As a Casting Director I’ve seen all kinds of different self tapes. Some are great, others are bad and then there’s the few that don’t stand out at all.
How do you make yours stand out?
Are there right and wrong ways to put it together?
And how do you make sure you have the right lighting or sound or video?
Let’s take a look at these questions in more detail as I walk you through a step by step guide to producing your first self test.
Self tapes can become the deciding factor in whether you are chosen for a role or not.
Read the sides. Twice.
Once you’ve received the sides (the piece of scripted pages for the role you’ll be auditioning for) you want to read everything you can. Often they’ll have a section crossed out telling you not to read those lines in the audition.
If you can still read the crossed out section do it! Not for the recording, but for yourself, in preparation of the role. It can give you more information about not only your character but the story itself and this will give your audition an edge that may help you stand out from the crowd.
Memorise what your character wants.
Don’t just memorise the words, memorise how the scene makes you feel.
What does your character want?
What is their objective in the given circumstances?
The more you know what your character wants in the scene, the more you’ll know what line comes next. And it won’t just help you know what line comes next, but will also inform you on how the character is saying it.
Which in turn will help you make stronger choices in the character and this will definitely stand out to the Casting Director and Director watching your self tape.
Find a reader.
A reader is the person delivering all the other dialogue in the scene. They should never be seen on the camera with you, but instead sit close to where you’ve set up the camera to keep your eye line as close to the camera lens as possible.
I’ve seen a few self tapes where the actor hasn’t been able to find a reader and has done the self tape with either a black screen with the written dialogue or just long silences between the lines.
This can be a huge risk. While I have seen it work, I’d strongly advise you to find someone.
Even if it’s your mom!
The reader’s purpose is not to help move the scene along, but to show the Casting Director and Director that you know how to listen in a scene. Not just how to deliver a line, but how to be present on the screen.
Find a room that has a lot of natural lighting and is fairly quiet.
You don’t need a lot of fancy lights for your self test. Just make sure the room you choose has a lot of natural light and is quiet. Really the only thing to watch out for, is make sure the main light source isn’t being blocked by your camera or reader. You want to avoid shadows on your face.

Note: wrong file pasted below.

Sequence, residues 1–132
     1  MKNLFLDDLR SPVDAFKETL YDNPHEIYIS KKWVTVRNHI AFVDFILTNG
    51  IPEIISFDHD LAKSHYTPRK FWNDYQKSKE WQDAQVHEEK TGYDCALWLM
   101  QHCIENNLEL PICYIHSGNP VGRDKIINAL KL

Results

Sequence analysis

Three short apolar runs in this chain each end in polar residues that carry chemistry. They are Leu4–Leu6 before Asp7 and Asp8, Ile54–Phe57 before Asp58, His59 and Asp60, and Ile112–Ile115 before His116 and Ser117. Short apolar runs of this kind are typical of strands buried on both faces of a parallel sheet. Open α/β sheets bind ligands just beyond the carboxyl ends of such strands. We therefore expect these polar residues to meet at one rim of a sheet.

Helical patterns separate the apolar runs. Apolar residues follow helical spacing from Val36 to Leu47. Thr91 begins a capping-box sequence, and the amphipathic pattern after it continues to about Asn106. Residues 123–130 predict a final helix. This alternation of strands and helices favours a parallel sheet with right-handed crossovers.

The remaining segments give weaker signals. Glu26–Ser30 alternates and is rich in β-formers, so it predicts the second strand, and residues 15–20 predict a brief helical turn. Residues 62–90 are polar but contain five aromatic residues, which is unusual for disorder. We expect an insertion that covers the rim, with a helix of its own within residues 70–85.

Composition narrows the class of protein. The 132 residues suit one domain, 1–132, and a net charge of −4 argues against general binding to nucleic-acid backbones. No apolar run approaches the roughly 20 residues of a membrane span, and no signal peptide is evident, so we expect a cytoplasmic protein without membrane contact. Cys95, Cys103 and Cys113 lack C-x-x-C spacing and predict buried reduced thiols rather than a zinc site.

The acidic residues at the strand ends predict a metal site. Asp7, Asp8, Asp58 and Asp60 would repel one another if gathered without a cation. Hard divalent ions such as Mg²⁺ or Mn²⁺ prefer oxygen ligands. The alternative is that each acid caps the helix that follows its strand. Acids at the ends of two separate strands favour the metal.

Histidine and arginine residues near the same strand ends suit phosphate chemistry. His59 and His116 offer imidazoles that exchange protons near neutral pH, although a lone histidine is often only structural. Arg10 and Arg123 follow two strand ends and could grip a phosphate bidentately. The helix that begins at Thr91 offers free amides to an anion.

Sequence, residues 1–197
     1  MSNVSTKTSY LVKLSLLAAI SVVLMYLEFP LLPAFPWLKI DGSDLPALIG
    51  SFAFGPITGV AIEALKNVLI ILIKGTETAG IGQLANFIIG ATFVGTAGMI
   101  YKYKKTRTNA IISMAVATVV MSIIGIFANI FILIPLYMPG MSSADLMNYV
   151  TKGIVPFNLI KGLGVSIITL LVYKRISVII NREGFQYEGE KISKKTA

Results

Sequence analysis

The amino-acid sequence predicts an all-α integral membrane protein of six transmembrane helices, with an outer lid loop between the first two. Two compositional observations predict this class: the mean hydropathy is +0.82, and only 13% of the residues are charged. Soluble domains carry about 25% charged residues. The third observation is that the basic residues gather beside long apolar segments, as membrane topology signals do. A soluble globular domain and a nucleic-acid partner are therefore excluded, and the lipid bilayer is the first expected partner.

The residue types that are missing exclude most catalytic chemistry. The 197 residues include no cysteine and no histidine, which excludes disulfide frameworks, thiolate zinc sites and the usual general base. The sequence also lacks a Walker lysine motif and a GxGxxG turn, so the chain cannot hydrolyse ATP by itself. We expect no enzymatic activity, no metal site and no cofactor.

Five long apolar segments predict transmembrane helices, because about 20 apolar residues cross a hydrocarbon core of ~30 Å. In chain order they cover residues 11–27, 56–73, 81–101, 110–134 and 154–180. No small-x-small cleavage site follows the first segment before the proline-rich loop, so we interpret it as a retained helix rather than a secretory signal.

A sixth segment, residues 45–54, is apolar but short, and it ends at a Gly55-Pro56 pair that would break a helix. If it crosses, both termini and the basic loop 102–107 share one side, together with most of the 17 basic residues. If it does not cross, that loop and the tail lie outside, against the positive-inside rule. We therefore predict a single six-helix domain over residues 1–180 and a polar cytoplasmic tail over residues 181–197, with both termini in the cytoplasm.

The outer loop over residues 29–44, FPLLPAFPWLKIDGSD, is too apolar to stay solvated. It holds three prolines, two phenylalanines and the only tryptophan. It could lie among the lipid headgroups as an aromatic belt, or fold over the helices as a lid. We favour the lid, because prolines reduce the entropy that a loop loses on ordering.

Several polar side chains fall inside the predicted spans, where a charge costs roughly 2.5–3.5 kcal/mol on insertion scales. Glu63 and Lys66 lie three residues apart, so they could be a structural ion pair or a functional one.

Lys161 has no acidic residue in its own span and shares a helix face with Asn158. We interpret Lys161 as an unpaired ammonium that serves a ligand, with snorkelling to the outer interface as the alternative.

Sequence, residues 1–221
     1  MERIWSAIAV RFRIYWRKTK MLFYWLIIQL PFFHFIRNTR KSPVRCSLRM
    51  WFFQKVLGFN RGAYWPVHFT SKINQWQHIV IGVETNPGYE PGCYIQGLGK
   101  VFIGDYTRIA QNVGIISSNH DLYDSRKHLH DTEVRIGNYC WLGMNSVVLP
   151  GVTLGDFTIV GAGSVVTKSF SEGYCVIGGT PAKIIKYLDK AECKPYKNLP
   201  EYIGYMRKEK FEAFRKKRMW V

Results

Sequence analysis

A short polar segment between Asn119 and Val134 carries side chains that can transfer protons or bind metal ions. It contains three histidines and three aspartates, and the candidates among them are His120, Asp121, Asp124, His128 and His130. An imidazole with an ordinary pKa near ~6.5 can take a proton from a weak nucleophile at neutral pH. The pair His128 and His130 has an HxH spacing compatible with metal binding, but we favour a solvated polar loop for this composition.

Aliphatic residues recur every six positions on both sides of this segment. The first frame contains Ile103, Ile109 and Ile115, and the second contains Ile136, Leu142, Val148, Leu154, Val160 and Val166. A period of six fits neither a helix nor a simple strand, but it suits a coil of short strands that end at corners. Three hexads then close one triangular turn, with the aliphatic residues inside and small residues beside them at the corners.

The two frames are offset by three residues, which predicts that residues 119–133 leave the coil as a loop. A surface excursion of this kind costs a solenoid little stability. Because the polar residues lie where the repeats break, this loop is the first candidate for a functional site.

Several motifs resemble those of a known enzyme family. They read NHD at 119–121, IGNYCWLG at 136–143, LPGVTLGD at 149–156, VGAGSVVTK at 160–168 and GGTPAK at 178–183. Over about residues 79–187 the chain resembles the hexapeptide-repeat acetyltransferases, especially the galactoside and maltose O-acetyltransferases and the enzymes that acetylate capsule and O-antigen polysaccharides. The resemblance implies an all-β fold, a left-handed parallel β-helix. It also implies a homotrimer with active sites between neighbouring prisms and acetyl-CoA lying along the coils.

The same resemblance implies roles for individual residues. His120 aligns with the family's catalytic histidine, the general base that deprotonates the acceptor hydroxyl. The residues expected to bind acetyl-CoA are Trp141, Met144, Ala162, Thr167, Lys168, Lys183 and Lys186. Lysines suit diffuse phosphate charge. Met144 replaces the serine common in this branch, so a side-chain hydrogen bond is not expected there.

Film it. I know this is probably the bit that’s more scary, but don’t over complicate the process.
Most everyone has a smart phone these days and the video quality is enough for a self tape. Heck! Some people are shooting their entire short film or even feature on their iPhone and no one is the wiser.
And if you’ve found a room that’s quiet, the sound should be fine too!
The Casting Director you’re auditioning for will probably give you some guidelines for your audition. Things like — asking you to say your name, agency, height and other facts before or after the audition.
If you can. Do the whole thing in one take. The details and the actual audition.
This shows the Casting Director and Director you have the capability to get it all in one take and will give you a stronger case when it comes to selecting the role. It’s not a guarantee, but it definitely can help your chances.
Hint — don’t hold the phone. Place it on a flat surface that’s high enough so your eyes are in line with the tiny camera. This will ensure the Casting Director and Director have the best idea of how you’ll look on camera.
Once you’ve recorded it, play it back to make sure everything is working. If it is, great! Move on. If not, do another take.
Send your self tape in with the correct formatting.
Again, the Casting Director will give you guidelines on what format to use for your self tape. Be sure to follow them carefully because some places may be different.
I’ve had self tapes come to me in the wrong format and haven’t been able to watch them.
The sad truth is, most Casting Directors don’t have the time to ask for an actor to send in another self tape with the proper format. They’re more likely to skip over your file and go to the next one.
The technical side of putting together a self tape can be difficult, but Google is your best friend. Type in the format you need and I’m sure you’ll find helpful guides.
And when in doubt find that friend who knows everything about computers and bribe them with coffee.
Why would this be a step in the process? Because a big part of your job as an actor is going out for auditions.
You’re not going to get everyone you audition for, so once you’ve sent one off, relax. Or in the famous words of Frozen — Let it go.
As long as you’re following the guidelines set out by the company you’re auditioning for, you’ve done your job.
And even if you’re still scared you’re doing it wrong, don’t worry about it.
So many of the self tapes that have come across my desk have been done poorly, but if you’re giving the performance of your life that will still show up.
Ultimately, there’s no right or wrong way to put together a self tape. There are only tools to help give your tape an edge over others and the biggest of those is — be yourself.
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